During her two-week trip to Senegal, Gina Whitcomb noticed most teachers are equipped only with a blackboard and a piece of chalk. She learned that students often don’t have luxuries like running water and electricity. And class sizes can exceed 50 or 60 in elementary schools, and upwards of 100 at the high school level.
Still, for Whitcomb, an Anaheim Elementary School District teacher, Senegal reinforced the truism that teachers and parents — regardless of country — simply want what’s best for their children, including a quality education.
And there’s this elevating takeaway: “We all smile in the same language.”
She did exactly that on a trip she calls “amazing,” “unforgettable” and “life-changing.”
It began with a flight to the capital city of Dakar, where she spent a few days learning lessons on local culture and facts about the Senegalese school system. Then she was paired with Nan Williams, a STEM teacher from Winters Elementary School in Yolo County, and the two were dispatched to the rural lands of Nioro Du Rip.
They spent a week there, visiting elementary, middle and high schools before reconvening in Dakar with other American teachers, who exchanged stories and discussed strategies for bringing a global perspective to their own classrooms.
During their first two days in Nioro du Rip, there was no running water, and temperatures were soaring into the triple digits. Whitcomb and Williams tried to save water in a bucket and considered walking to a nearby well if it didn’t return. (It did.)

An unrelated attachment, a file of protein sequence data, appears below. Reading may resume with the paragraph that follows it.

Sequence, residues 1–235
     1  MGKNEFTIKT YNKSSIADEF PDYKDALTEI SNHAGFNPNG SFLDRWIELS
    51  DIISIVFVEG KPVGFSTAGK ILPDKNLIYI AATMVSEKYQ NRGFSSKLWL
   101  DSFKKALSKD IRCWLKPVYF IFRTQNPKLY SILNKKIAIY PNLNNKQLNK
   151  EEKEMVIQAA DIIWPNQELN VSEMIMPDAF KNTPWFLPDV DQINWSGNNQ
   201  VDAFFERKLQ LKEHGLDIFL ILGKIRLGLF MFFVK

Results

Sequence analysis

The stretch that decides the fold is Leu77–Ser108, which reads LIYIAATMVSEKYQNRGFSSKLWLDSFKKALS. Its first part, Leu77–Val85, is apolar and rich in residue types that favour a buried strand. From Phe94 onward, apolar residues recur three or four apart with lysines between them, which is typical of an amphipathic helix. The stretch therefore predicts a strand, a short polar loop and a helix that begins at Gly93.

“We both took situations that could be stressful to other people and we just laughed,” Williams told us. “At the same time we’re dealing with the water issue, we had Wi-Fi, which was interesting.”
Refrigeration was also extremely rare in Nioro, and no one had a washer or dryer. Yet the two teachers discovered the people of Senegal were rich in one area — their relationships with one another.
“Punctuality isn’t as important because time spent talking and connecting with people along the way is considered far more valuable than being what we would consider ‘on time,’” Whitcomb said. “I learned to love this when I was in Senegal.”
In a country where face-to-face conversations are prioritized, texting can be considered rude and impersonal, she added.
“They call,” Whitcomb said, “so they can talk to the person, visit with them, ask how they are and truly engage with the person in a more intimate way than texting.”
Williams echoed the sentiment.
“We would walk through the market with our host teacher and it would take forever because we would have to talk to every single person,” she said. “He knew everyone.”
These personal connections defined the trip. Whitcomb fondly recounts how that same host teacher, Papa Amadou Seck, invited the two Californians to his home for lunch, where they ate traditional chicken yassa, with rice and onion sauce. It was an act of hospitality, or “teranga,” for which the Senegalese are known.
To reciprocate, and to create opportunities for experiential learning, Whitcomb and Williams paid to take 65 local high-schoolers on a field trip to Sine Ngayene, a prehistoric site featuring large stone circles that may have been used for funerary purposes. They quickly learned that class trips in Senegal are, well, different from those in California.
“No permission slips, no head count, no first-aid kits or sack lunches,” Whitcomb said. “The bus pulled up and 65 students got on.”
Despite the many cultural contrasts, Whitcomb said the journey to Senegal revealed common threads that unite educators and students throughout the world, from Nioro du Rip to Anaheim.
“Although there are many differences between the U.S. and Senegal, there are many similarities,” she said. “Teachers work very hard. Parents want their children to be successful. Kids will be kids. They laugh, play, explore, hang out with their friends — and they like to take selfies, too.”